In my previous posts I began a series of blogs on lessons I learned while taking a 6-month sabbatical from pastoral work. Start at Lesson 1 to read the following post in context, and catch the rest of the series with the links below.
Lesson 3: Jesus Builds His Church
“Jesus builds His Church.”
Those four words capture a simple theological truth that provides profound clarity on ministry in particular and church life in general. I cannot tell you how many times I have used those words in a sermon, leader meeting or prayer group, nor how many times I have shared them with a fellow pastor or church member discouraged by the challenges they are facing in their local church.
I have spoken the sentence countless times.
I just don’t think I ever actually believed it.
I always thought I believed it, of course, but that belief was never tested. Not until my burnout forced me into a much needed six-month break from serving Emmaus Church as pastor. It was at this point that my belief in the words “Jesus builds His Church” would be tested.
I served as lead pastor of Emmaus Church from July of 2006 to April of 2013 without more than a week away at any given time. During this time I preached between forty-two and fifty weeks a year, discerned and communicated vision, developed and maintained church systems, handled the vast majority of counseling and discipline issues, led most meetings, developed lay-leaders, hosted and led small groups in my home, performed nearly all of the administrative duties and even printed the weekly bulletins. In other words, I did way too much. At the time I thought this was because I was the only paid staff member and, thus, these responsibilities fell on me even though I did not want them. I now think I wanted these responsibilities because, at least in part, I thought the church had the best chance of thriving if I ensured everything was done the right way (read: my way). In other words, I had my hands in everything because I didn’t fully believe that Jesus builds his Church. I thought he needed my help.
@@I had my hands in everything because I didn’t fully believe that Jesus builds his Church@@
So what would I do when my sabbatical forced me to be away from the church for six months? What would I do when I could neither perform the up-front nor the behind-the-scenes tasks I had done the prior seven years? Would I be able to stay away? Would I be able to believe that Jesus builds his Church and trust him to do so with Emmaus?
I am happy to say the answer to each of those questions is a definitive “yes.” But that’s not because of any great faith in me. It’s because I didn’t have a choice.
And thank God I didn’t.
Circumstances forced me to sit on the bench and simply watch as Jesus continued to build Emmaus without any contribution from me. And it was glorious! I had the privilege of watching Jesus powerfully speak to his church through preachers with limited training and experience, and the pleasure of watching Jesus lead people to faith and repentance in the process. I rejoiced to see Jesus raise up leaders who had previously not led, and open doors of ministry that were never opened during my time at Emmaus. I was able to watch as people identified and grew in gifts they (and I) did not know they had, as the church benefited from their faithful use. Because of all of this and more, during my absence, Emmaus’ covenant membership grew by roughly 20%, generous giving continued, and multiple first-time visitors transitioned into regular attenders. It was impossible to watch all of this from the sidelines and not be convinced that Jesus builds his Church. And he does so through whomever he chooses in any way he chooses.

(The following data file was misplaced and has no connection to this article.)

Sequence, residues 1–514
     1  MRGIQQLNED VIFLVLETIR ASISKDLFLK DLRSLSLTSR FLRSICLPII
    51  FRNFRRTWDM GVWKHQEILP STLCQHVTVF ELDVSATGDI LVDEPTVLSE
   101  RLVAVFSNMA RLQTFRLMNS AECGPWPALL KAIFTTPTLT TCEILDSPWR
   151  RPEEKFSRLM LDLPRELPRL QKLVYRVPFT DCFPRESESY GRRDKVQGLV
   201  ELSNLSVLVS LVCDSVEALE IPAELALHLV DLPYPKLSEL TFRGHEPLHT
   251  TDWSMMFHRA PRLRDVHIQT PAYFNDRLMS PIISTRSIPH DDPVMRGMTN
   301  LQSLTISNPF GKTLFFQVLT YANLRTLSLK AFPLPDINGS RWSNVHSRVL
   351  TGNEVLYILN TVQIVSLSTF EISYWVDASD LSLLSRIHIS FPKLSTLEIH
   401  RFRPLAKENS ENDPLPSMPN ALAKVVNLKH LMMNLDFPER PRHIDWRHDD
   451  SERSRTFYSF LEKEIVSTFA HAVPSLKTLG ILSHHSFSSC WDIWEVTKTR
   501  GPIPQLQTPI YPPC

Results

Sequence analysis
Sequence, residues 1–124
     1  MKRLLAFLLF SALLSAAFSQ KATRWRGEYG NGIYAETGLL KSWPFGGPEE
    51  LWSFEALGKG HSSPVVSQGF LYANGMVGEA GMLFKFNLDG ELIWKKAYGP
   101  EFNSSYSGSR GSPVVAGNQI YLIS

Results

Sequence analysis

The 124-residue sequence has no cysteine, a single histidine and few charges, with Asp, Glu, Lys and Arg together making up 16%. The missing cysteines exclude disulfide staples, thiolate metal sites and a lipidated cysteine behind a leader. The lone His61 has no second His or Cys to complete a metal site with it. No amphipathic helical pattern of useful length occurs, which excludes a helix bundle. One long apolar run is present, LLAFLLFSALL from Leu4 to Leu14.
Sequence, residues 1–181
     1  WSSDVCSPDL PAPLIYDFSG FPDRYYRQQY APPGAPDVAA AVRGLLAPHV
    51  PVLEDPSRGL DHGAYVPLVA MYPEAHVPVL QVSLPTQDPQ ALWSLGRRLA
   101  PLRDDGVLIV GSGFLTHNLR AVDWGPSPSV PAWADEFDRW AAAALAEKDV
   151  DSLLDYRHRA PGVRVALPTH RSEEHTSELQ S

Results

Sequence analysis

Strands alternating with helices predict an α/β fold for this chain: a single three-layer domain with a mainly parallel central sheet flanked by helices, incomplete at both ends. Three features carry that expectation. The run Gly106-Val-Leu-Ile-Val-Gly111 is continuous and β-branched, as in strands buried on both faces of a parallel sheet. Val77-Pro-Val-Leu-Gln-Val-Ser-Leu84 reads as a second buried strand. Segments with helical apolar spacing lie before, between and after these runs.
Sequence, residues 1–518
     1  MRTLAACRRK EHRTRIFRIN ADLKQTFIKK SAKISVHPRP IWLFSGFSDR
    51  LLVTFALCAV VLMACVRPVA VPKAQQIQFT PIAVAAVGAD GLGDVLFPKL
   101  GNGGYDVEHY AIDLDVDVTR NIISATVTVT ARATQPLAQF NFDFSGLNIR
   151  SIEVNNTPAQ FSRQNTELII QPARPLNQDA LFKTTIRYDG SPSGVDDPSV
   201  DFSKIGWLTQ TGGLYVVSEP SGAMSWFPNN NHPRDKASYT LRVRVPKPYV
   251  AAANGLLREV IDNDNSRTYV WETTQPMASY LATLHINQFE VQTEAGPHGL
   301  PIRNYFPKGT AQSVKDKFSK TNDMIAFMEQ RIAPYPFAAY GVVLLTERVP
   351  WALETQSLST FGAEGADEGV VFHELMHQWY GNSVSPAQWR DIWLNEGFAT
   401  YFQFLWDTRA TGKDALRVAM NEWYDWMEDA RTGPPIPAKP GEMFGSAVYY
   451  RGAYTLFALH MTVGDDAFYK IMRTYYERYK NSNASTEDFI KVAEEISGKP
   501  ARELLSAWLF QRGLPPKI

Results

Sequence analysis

All of this is not to say that everything went perfectly. It didn’t. There were some less-than-stellar church services and some flawed execution in various areas of ministry. Yet the same was true of Emmaus when I was the primary leader in each of those areas. The deficiencies in both phases only served to reinforce the point: church leaders are not the means through which Jesus’ church grows. How could we be if we cannot even consistently do our job as well as we and our members would like?
Never had I been so happy to see how unimportant and unnecessary I am to Emmaus Church in particular and to Jesus’ Church in general. This relieves immeasurable pressure from my shoulders and arrogance from my heart. It also relieves the fear of losing other key leaders, because as wonderful as they are, Emmaus’ growth and health ultimately does not depend any more on them than it does on me. I will be eternally grateful that Jesus allowed me to burnout so I could see how little my flame was needed in the first place.
@@Never had I been so happy to see how unimportant and unnecessary I am to Jesus' Church@@
Now I can both say it and believe it:
"Jesus builds his Church."
The meaning of this statement is not that every church will grow regardless of who leads or how well they lead. The point is that if Jesus wants a church to grow he does not need me, or you, or your favorite minister to do it. This means if your church thrives, it is because Jesus himself is laying the bricks of his choice upon the foundation of his choice – himself. Conversely, this means if your church struggles – or even dies – it is because your church’s struggle is part of Jesus’ architecture of his victorious global Church. Remember, he promised to build his Church with a capital “C” not your church with a lowercase “c.”
A church that depends on someone other than Jesus to survive is no church at all. May we repent of trusting in anyone and everyone other than Him.